Botanist and schoolmaster, b. 29 March, 1773, at Idria, Carniola, Austria ; d. 25 November, 1844, at Laibach, Carniola. He was the son of a mining official; he studied philosophy and theology and became a priest in 1796. His weak health prevented his undertaking parish duties, and in 1796 he occupied the post of Skriptor in the library of the Laibach Lyceum, but soon gave this up, and for forty years devoted himself to teaching in the different schools of Laibach. In 1803 he was already director of the Normal School and in1807 prefect of the gymnasium, which post he held till his sight failed. In his last years he was blind. Hladnik was a true teacher, who brought the gymnasium of Laibach to a flourishing condition, for which he was honourably distinguished by the Emperor Francis. During the French occupation, Hladnik was appointed professor of botany and natural history in the Central School of Laibach, and presented with a piece of land to be laid out for the cultivation of the flora of Carniola. It soon contained 600 kinds of local plants.
Whilst occupied with his botanical garden, he was also delivering lectures on botany and spent his holidays for thirty years in making researches in the crownland of Carniola. These researches form his most important contributions to science. He bequeathed his rich botanical collection to the Rudolfinum Public Museum, founded in Laibach in 1831. The museum owes him much and contains his portrait, painted by A. von Hermannsthal. Among Hladnik's pupils was Skofitz, the founder of the "Oesterr. Bot. Zeitschrift", now in its sixtieth year of publication. Hladnik discovered several new kinds of plants and certain genera have been named after him. He did not publish any scientific works; his manuscripts now in possession of the Carniola Historical Society are written in Latin, German, French, and Slavonian, proving the learning and industry of the author. They treat of ascetic theology , history, botany, and mineralogy.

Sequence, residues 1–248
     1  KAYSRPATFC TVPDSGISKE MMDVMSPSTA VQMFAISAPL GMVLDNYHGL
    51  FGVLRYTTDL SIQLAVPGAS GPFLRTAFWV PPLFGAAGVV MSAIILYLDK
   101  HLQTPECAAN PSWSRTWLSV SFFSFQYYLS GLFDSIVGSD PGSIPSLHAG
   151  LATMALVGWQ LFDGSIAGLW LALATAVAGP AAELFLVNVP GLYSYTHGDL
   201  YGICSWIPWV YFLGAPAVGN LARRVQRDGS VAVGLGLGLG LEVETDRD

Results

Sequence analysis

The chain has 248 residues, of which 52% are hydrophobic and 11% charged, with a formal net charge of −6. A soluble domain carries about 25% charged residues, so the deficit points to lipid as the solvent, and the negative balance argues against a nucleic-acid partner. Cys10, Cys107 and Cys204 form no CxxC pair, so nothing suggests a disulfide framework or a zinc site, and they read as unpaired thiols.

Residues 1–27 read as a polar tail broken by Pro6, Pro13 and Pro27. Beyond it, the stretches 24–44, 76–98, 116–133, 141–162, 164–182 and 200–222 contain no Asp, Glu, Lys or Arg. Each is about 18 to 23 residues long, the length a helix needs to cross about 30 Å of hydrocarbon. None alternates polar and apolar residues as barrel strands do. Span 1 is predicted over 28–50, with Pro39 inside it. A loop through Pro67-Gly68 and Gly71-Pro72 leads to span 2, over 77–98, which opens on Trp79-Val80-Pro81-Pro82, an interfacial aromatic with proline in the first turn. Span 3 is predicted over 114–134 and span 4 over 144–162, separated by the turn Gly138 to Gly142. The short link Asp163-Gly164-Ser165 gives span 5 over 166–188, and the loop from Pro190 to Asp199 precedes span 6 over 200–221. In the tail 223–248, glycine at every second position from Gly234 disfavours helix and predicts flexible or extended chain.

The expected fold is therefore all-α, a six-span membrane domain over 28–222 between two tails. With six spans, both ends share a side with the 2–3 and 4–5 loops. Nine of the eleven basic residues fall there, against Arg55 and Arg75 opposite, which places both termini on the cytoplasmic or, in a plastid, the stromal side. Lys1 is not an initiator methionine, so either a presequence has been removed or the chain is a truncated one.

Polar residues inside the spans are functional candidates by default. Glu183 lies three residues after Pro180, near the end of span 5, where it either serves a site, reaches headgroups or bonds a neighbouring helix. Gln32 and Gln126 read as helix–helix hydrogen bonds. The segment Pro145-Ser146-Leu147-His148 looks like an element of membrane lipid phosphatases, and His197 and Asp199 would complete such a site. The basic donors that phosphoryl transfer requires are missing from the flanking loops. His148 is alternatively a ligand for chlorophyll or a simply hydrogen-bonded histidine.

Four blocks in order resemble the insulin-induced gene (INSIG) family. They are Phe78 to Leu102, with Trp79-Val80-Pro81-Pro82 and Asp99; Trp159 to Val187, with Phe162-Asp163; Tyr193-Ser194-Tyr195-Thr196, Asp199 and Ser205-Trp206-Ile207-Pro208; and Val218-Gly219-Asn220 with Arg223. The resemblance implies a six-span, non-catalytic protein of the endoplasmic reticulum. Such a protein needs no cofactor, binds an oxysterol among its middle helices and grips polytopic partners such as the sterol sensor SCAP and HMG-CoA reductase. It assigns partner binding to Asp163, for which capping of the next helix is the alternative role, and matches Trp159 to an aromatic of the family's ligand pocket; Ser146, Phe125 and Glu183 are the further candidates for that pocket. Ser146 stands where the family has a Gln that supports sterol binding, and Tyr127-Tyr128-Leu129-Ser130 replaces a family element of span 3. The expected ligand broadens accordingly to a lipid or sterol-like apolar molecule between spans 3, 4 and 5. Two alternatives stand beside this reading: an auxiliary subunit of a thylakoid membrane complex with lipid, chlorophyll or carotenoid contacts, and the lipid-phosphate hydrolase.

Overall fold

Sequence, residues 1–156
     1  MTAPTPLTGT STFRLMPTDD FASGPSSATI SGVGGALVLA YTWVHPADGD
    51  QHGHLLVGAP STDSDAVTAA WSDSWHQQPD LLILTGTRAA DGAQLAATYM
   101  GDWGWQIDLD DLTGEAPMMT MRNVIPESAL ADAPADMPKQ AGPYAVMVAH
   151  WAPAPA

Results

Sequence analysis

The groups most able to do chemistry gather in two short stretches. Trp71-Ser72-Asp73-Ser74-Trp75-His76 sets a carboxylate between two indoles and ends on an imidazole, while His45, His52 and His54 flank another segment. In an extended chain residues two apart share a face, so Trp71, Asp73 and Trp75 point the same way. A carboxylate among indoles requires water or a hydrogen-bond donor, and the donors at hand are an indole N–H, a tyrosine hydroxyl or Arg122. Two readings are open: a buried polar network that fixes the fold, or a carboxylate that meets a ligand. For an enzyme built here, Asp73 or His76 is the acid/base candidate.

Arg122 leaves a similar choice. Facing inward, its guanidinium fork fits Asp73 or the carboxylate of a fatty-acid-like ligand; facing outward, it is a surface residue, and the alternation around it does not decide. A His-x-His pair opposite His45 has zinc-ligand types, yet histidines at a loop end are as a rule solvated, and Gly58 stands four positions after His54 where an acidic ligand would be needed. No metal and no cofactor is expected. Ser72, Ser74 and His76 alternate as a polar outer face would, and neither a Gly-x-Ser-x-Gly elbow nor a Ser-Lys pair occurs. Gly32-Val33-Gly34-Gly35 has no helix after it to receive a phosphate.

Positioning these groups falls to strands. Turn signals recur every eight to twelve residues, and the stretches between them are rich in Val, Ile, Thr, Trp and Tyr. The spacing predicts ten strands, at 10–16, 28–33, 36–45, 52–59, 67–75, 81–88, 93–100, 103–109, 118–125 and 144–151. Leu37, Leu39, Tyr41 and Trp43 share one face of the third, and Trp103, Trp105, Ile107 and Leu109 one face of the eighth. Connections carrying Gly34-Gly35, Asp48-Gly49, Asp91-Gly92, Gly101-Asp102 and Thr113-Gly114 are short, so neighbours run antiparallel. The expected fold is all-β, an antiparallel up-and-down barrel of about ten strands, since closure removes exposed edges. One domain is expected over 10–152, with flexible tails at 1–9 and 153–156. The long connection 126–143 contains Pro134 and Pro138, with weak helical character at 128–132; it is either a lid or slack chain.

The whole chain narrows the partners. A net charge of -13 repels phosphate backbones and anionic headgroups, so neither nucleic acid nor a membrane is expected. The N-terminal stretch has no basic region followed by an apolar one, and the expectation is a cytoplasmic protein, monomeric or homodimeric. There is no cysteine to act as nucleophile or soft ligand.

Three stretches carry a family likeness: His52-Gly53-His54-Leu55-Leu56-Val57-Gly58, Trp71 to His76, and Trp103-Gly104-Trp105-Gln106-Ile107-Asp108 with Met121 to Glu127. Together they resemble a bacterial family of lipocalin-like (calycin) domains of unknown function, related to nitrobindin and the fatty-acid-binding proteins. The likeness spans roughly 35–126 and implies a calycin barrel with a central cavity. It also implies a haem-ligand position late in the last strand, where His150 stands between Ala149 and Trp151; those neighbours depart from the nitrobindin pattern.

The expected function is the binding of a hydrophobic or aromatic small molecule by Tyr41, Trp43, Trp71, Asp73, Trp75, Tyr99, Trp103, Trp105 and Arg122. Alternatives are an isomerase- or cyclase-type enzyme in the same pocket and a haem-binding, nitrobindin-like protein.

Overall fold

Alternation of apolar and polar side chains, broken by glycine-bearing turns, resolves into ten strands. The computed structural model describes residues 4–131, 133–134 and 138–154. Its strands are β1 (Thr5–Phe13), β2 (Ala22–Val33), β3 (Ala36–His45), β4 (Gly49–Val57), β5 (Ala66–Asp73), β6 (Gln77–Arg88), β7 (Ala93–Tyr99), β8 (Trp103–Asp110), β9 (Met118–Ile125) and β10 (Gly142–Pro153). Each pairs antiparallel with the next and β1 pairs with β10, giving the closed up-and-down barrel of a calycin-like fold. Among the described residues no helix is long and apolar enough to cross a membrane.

The Catholic Encyclopedia is the most comprehensive resource on Catholic teaching, history, and information ever gathered in all of human history. This easy-to-search online version was originally printed in fifteen hardcopy volumes.
Designed to present its readers with the full body of Catholic teaching, the Encyclopedia contains not only precise statements of what the Church has defined, but also an impartial record of different views of acknowledged authority on all disputed questions, national, political or factional. In the determination of the truth the most recent and acknowledged scientific methods are employed, and the results of the latest research in theology, philosophy, history, apologetics, archaeology, and other sciences are given careful consideration.
No one who is interested in human history, past and present, can ignore the Catholic Church, either as an institution which has been the central figure in the civilized world for nearly two thousand years, decisively affecting its destinies, religious, literary, scientific, social and political, or as an existing power whose influence and activity extend to every part of the globe. In the past century the Church has grown both extensively and intensively among English-speaking peoples. Their living interests demand that they should have the means of informing themselves about this vast institution, which, whether they are Catholics or not, affects their fortunes and their destiny.
Copyright © Catholic Encyclopedia. Robert Appleton Company New York, NY. Volume 1: 1907; Volume 2: 1907; Volume 3: 1908; Volume 4: 1908; Volume 5: 1909; Volume 6: 1909; Volume 7: 1910; Volume 8: 1910; Volume 9: 1910; Volume 10: 1911; Volume 11: - 1911; Volume 12: - 1911; Volume 13: - 1912; Volume 14: 1912; Volume 15: 1912
Catholic Online Catholic Encyclopedia Digital version Compiled and Copyright © Catholic Online